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Employee Wellbeing: Sleep Tips For Staff During The Festive Season

JodyP 10 December 2019
Employee Wellbeing: Sleep Tips For Staff During The Festive Season

Will your job be keeping you up past your bedtime this Christmas? In this article, Phil Lawlor, Sleep Expert at Dormeo, offers his insight into the effect irregular shift patterns and night shifts can have on your rest, as well as the steps you can take to put a stop to sleepless days and nights.

Did you know that shift workers are 28% more likely to experience mental health problems than people with consistent weekday work schedules (AJPH)? This figure can get even worse for people who work night shifts and, for hospitality staff, an average of 28 hours of overtime during the festive period is hardly the icing on the Christmas cake (Matthew Clark).

In the UK, the night-time economy is worth £66 billion and employs 1.3 million people in hospitality and entertainment, including pubs, restaurants and music venues (NTIA). That’s a lot of hard workers who may be experiencing irregular sleep patterns, which can lead to a worrying amount of health and wellbeing problems caused by a lack of proper rest.

Below, I’ll be going through some of those issues as well as giving you my tips for getting the sleep you need as a hospitality worker this Christmas.

How working nights affects your sleep
Our circadian rhythm is our body’s natural clock. It’s what helps us wake up on a morning and fall asleep at night, and it’s affected by all kinds of factors, from how much sunlight we receive to the temperature. So, if you’re sleeping during the day and working when it’s cool and dark, you’re bound to get drowsy on the job.

Plus, if your shifts are irregular, it can be even more difficult to establish a sleep pattern as you work and sleep at different times each day. So, your circadian rhythm is constantly getting interrupted, and it becomes more and more difficult to actually fall asleep when it’s time to go to bed. That’s why many hospitality workers find themselves lying awake at night (or day) even if they’re exhausted.

How a lack of sleep affects your health and wellbeing
Being sleepy makes us clumsier, which can be dangerous in a fast-paced hospitality environment. In fact, night staff are three times more likely to suffer a work-related accident and twice as likely to have a car accident than their day shift colleagues (Young Foundation), so getting enough kip can even help prevent serious injury.

People who work night shifts long term are also more likely to suffer from Type 2 diabetes (University of Colorado Boulder). Perhaps even more concerning, the long-term effects of inadequate rest include an increased risk of depression and bipolar disorder (University of Glasgow). You need to speak to your employer and your GP if you think your lack of sleep is affecting your mental health.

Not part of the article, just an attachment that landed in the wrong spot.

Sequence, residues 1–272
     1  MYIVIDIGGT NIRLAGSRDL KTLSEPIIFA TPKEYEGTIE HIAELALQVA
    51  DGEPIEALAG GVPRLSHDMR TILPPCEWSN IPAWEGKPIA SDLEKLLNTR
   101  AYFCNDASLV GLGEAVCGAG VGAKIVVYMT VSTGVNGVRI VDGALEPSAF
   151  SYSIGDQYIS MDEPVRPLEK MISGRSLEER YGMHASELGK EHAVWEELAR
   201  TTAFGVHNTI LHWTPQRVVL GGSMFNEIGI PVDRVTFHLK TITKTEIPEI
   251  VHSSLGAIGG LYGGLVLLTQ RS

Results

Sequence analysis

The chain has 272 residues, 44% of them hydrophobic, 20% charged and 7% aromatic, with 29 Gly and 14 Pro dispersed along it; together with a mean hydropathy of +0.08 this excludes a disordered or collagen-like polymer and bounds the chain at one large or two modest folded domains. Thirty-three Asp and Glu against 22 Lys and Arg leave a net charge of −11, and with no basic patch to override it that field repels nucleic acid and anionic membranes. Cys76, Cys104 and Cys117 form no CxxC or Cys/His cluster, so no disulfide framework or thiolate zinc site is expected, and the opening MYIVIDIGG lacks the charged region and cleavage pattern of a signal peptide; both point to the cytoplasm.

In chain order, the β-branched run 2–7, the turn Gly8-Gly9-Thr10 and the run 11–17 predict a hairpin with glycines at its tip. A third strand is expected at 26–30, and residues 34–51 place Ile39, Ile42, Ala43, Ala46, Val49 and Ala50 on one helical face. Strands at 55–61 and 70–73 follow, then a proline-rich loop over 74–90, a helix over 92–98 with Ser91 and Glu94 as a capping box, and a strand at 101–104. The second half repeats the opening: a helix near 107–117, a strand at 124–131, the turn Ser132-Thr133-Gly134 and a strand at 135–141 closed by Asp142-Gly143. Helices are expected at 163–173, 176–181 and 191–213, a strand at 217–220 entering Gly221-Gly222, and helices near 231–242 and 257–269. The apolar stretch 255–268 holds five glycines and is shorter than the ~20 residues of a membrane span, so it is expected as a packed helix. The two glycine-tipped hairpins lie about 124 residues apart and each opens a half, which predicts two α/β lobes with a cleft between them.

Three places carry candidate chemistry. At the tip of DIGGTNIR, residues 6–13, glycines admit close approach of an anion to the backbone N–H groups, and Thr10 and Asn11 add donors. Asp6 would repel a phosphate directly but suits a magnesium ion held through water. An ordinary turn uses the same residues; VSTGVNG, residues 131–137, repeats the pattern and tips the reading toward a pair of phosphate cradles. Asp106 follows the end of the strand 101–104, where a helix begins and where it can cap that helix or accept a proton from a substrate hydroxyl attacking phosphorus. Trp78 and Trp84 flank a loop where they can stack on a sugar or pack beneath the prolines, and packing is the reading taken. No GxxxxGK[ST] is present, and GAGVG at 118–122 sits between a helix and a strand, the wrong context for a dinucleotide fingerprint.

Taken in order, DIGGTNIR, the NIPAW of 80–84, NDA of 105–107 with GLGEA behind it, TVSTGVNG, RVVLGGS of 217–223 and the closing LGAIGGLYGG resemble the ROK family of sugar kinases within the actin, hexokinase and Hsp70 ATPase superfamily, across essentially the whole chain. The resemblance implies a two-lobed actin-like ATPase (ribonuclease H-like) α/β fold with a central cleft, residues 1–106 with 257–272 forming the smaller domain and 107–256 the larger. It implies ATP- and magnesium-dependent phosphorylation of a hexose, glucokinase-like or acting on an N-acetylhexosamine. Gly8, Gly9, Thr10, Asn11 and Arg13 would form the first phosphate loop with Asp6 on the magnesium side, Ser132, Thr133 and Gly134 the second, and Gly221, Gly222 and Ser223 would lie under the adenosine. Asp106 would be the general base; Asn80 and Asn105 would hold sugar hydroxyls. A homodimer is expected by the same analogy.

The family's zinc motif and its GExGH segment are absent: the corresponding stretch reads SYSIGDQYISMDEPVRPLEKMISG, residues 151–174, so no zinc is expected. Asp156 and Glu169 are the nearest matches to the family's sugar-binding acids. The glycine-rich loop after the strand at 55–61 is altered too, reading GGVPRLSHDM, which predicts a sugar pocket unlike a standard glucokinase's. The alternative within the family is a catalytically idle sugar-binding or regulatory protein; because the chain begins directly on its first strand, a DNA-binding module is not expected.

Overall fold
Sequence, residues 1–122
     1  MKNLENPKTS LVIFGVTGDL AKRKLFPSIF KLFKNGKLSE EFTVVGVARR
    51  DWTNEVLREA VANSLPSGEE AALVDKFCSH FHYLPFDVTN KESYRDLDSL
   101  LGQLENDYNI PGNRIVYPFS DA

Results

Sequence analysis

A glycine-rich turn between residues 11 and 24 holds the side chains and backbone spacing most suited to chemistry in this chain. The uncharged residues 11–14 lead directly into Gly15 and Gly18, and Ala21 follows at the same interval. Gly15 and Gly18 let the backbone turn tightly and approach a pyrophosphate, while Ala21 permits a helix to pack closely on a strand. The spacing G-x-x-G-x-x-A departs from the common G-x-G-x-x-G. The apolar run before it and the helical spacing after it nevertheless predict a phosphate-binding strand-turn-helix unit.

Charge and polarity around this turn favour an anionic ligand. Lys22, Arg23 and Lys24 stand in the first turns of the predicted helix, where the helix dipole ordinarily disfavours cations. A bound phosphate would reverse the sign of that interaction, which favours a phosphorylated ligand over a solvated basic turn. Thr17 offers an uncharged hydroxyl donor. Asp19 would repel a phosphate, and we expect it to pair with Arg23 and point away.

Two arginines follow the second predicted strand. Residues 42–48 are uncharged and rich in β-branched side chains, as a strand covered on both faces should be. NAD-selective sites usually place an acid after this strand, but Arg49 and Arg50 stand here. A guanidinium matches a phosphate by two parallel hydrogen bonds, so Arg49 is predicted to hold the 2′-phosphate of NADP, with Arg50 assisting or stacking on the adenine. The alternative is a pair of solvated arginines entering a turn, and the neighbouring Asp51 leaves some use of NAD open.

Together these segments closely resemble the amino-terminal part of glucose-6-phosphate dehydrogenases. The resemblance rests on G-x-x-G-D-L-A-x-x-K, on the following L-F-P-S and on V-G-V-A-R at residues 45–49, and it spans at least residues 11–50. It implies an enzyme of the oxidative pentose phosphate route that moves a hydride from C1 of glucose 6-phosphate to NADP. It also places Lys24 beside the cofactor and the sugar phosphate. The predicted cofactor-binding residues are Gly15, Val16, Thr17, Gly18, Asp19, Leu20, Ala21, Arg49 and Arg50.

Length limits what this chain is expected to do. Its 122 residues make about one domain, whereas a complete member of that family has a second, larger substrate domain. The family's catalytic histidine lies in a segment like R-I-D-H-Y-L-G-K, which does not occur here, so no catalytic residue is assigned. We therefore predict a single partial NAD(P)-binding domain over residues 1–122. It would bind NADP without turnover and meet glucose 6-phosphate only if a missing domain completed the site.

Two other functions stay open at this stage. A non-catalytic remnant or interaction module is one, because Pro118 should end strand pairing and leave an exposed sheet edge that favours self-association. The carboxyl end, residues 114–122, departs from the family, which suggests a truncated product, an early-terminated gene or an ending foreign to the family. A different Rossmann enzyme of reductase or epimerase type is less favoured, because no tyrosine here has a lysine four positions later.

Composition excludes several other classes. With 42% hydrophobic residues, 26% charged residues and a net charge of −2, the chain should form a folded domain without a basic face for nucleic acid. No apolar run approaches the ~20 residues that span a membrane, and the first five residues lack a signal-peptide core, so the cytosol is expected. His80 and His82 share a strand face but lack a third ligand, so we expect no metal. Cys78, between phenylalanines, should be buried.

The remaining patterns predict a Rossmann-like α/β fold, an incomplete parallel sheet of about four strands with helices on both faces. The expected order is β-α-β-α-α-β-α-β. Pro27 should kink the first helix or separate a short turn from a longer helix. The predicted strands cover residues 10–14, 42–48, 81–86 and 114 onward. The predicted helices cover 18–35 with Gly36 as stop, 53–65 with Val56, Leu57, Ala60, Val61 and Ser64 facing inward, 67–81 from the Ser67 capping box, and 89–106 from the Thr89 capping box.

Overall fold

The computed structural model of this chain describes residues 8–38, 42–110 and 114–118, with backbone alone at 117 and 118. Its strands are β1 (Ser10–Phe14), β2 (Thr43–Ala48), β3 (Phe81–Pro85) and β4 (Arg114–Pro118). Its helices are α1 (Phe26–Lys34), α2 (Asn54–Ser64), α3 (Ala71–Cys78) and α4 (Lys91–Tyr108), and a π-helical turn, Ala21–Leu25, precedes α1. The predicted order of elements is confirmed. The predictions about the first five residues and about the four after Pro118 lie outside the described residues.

How to maintain a regular sleep cycle
There are a few things you can do to make it easier to fall and stay asleep when you need to this Christmas. Here are just three of the best.

Dealing with nightshifts often means carefully considering your circadian rhythm. If you work the same time each night, stick to a strict bedtime and your sleep pattern should follow suit.

If you work irregular shifts, it can be a bit more difficult to establish a routine. Instead, you should always aim to get the same amount of sleep each night — between seven and nine hours is ideal. Even just having the same bedtime routine, like having a wash, changing into your pyjamas, and reading a book for an hour or so, can be enough to signal to your brain that it’s time to wind down and prepare for sleep.

Just like our circadian rhythm affects when we get hungry, our diets can have a huge effect on the quality of our rest. You should stay away from sugar and caffeine about four hours before bedtime, as they are stimulants that make us more alert.

It’s also a good idea to limit the amount of greasy foods you eat before bed as your digestive system will keep you awake as it’s trying to process them, but this can be difficult as fast food is the most readily available sustenance during the night. Instead, drink plenty of water (or squash) and make sure you make your own lunch to take with you. You could even have a healthy meal prepared for when you get home.

Making your bedroom as cool and as dark as possible is a great way to mimic night-time, which could help boost your sleepiness levels after a night shift. Look for blackout curtains or blinds and try not to have the heating on too high. If you’re too cold, you should invest in a heavier duvet instead.

You’ll also need to make sure you’re using the correct mattress, as a bed that is too soft or lumpy can make you even more sore after spending a long shift on your feet. You might want to consider a firmer mattress that can support you properly to help you get comfortable at night.

The tips in this guide can help you to establish a healthy sleep pattern over Christmas when your shifts are likely to be more chaotic. Focus on your routine, your diet, and your sleeping environment and your health and wellbeing will benefit.